Time Heals All Wounds.. And Then Kills the Patient
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Sat Jun 13 21:41:03 2009
Marching in the company of ghosts

I finished whipping another philosophical essay into being kind of presentable: Epistemology.

I'm not sure why I find it so emotionally involving to see people either really interested in something or really sad. Sometimes I feel a bit .. well, somewhere between guilty and weird about this - sadness or extreme interest can make an attractive face much more attractive, and I feel a bit voyeuristic when I see someone sad and am so drawn/attracted to it - it makes me want to hug them and tell them everything'll be alright.. although I pretty much never can do that because I'm not comfortable touching people I'm not involved with unless I'm willing to invest emotionally with them, and all that leads back into the mess that is me. Doing google image searches for sad people is thus a strange/guilty pleasure that ties into one of those weird parts of the jungle of human psychology with which I'm not entirely comfortable.

It's weird to find this so compelling given that my facial expressive diversity is so limited. I wonder nowadays if the abuse in youth led to this, or if it was more the later stoicisim I played with for a few years.

The choice of heroes in any philosophy and weighing of what they do by outsiders builds barriers in ways that are probably harder to heal than issues of doctrine. For me, the moral character of the (christian) Catholic church is a mixed scoresheet, with some striving towards virtues I recognise, some repugnant values, and a checkered history. However, every saint that they recognise that has done things that I consider to be an atrocity is another barrier preventing me from actually liking them - the many people recognised by the church as saints that have surpressed non-christians, philosophy, and science are each another source of intense dislike, and were I to ever be capable of actually liking Catholicism as an institution, it would need to strike them from their list of heroes (I don't know if there is even precedent for this) - when someone is held to be an exemplar as a human being (e.g. Saint Justinian) who is someone who I think should have been resisted to the point of having been assasinated, it's hard to ever consider more than temporary common ground with such institutions. Of course, given that I consider Yeshua ben Yosef, at least as depicted in Christianity, to have been similarly reprehensible, perhaps this is doomed from the start. Many people who are considered saints are people whose work I think the world would be better off without. The Sunni-Shia divide remains difficult for some of these same kinds of reasons.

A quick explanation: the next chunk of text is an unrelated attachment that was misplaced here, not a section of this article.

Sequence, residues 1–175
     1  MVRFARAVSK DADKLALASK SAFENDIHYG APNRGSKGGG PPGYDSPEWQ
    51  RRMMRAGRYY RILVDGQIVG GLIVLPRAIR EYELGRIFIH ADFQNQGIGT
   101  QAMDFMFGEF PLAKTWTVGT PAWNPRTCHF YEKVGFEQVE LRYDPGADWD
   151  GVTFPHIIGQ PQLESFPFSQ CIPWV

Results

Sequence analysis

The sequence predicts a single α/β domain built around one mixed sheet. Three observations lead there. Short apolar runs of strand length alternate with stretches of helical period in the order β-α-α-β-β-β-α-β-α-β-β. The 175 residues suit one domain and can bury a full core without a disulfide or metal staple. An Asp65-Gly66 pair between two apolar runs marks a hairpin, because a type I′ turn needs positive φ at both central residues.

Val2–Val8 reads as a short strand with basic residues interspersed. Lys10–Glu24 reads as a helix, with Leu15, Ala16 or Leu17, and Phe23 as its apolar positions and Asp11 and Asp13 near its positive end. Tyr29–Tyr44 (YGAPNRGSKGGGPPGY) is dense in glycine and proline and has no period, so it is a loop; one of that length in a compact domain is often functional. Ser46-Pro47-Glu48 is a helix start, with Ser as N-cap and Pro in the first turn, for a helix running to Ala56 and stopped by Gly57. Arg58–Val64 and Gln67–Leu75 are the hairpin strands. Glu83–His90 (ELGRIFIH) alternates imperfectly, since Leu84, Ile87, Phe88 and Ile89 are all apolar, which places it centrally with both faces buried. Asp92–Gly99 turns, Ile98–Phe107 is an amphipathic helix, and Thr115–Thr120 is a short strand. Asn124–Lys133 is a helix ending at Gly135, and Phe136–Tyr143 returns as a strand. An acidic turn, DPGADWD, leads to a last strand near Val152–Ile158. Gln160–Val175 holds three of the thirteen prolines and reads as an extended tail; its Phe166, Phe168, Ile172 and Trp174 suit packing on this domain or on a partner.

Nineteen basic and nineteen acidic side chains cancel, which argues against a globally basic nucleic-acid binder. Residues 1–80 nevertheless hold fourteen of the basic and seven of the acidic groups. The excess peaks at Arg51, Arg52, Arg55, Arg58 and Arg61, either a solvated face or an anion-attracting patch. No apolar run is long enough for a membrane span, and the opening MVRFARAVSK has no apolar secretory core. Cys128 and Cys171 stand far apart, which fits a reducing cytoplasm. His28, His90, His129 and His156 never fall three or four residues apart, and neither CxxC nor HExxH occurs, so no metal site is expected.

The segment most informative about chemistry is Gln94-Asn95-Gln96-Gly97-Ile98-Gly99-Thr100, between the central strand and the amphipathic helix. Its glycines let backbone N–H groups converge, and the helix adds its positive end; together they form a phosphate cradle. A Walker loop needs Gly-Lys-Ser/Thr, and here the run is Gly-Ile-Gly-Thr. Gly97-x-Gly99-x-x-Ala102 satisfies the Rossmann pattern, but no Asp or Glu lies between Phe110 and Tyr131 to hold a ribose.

I wonder, if we had a good way to ask, would most people find it harder to consider close relations with a philosophy that had some difficult beliefs or had reverence for someone that they found reprehensible? Likewise, I wonder how much the fact that historical figures for whom I have great respect and have drawn some inspiration (e.g. Lenin, Trotsky, Marx, Mao, Yat-Sen, Ataturk, Franklin, Jefferson, Rawls, Freud, Mozi, among others) are more or less difficult for others than my actual ideals?

Unrelated, I am presently in love with the idea of this:

Last night I was having a reasonably good hair day, and while heading back from Crazy Goat, the recent hockey game had just ended in Pittsburgh's team's favour so a lot of people were driving around celebrating with their horns and beer. Some party-jumped-up gals from their car called me a hottie and asked where I was going .. I felt like an alien - all I could really think is that they really wouldn't like me at all if they got to know me, and so their complements felt a bit like one of those famous bridge disasters. Meh. I don't really like compliments even at the best of times.

I often wish there were a part of the country that would be perfect - without the awfulness of DC, the conservativism of the south, the cold weather of the north, the poor public infrastructure of most of california, the dryness of the midwest, the overpopulation of so much of the country and the emptiness of the rest. I don't like that the comprimises are so ugly and are rooted in actuality rather than intrinsic to what I want - I know what a good community, by my standards, would look like... well, mostly.

I'd love a warm, rainy, oceanfront community with boats, great public transit, small enough that it doesn't have tall buildings but big enough that it has excellent infrastructure, dolphins, mountains, a university (or set of them) big enough to be culturally big without dominating the region, walking/biking/hiking friendly, lots of lightly jungly forests not far from where people live, ethnically and linguistically diverse, a nice even male-female ratio, crazy architecture, a big local music and art scene, farmer's markets, nice-smelling air..

And all that within an hour's ride on public transit to some megacity like NYC with the awesome things that big cities have that smaller cities don't do so well at (like having opera).

I don't think that place exists... and I don't think I could likely move given my mental state or without some distant hope of emotional support there... although now that I'm coming up on a year in my present job, my ethical obligation to stick around (by my standards) is less of a blocker.

Té Café's nicer teas are really fine. I also picked up some Paneer from Whole Foods that I am looking forward to using in cooking experiments.

I shall probably have a nice long evening walk once I get home from here.